The recent outcome of the Brexit referendum might, on first glance, show a difference between rural and urban voting.
Geographically, Scotland, London, and Norther Ireland voted to stay in the EU, but outside the capital, every English region voted in the majority to leave.
According to pundits, the divide was more along prosperity and education lines – the better off and more educated, the more likely you were to vote Remain.
In Ireland, however, the rural vote has been shown to have some teeth. In the recent February general election, Fine Gael’s ‘Keep the Recovery Going’ tagline failed to resonate with people living in rural areas. For many, it was a sign of the disconnect between Dublin, where things had noticeably picked up in 2015, and rural areas where, even still, there aren’t too many signs of a recovery.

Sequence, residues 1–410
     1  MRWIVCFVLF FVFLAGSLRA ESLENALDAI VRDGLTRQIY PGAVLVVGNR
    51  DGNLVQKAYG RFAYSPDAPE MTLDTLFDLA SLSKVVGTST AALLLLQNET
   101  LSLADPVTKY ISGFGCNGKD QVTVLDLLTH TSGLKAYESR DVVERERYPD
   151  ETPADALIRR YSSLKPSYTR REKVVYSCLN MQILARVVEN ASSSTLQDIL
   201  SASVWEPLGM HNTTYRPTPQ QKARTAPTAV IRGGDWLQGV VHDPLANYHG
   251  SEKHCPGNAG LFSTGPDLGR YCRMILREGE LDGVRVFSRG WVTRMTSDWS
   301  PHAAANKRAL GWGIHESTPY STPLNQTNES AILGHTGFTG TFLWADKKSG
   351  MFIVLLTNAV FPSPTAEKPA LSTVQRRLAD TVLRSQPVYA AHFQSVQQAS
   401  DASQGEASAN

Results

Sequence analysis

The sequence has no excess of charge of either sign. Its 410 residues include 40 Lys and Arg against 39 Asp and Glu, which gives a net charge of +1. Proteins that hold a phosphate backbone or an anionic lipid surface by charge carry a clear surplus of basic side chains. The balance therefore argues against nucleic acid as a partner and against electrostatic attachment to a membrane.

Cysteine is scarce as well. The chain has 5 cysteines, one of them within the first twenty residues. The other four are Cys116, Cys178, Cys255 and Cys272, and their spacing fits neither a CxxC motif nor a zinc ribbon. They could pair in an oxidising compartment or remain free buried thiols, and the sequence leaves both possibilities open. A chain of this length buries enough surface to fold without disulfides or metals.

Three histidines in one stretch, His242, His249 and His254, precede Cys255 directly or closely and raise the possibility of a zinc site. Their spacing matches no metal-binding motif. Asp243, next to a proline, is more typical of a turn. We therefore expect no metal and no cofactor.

That loud rural voice seemingly only roars in general and local elections, however, with low rural turnout a feature of once-off referendums. A sign of another disconnect maybe?
So, who is speaking for us and to us specifically? After the chaos of our general election vote, a group of independent TDs – Denis Naughten (Roscommon), Mattie McGrath (Tipperary), Dr Michael Harty (Clare), Noel Grealish (Galway West) and Michael Collins (Cork South West) – came together in a loose so-called rural alliance. The new government was formed, and that was the last mention I heard of of rural issues.
Apart from broadband, where the rollout of the National Broadband Planproceeds at a snail’s pace.
What now? It would be a pity if we have to wait until the next election before rural voices are heard, and rural views sought. Given the roasting delivered in our general election to the mainstream parties, it will be interesting to see if anyone fills the identified gap in rural voice – that of representing our diverse interests which are no less valid than those of our urban neighbouts.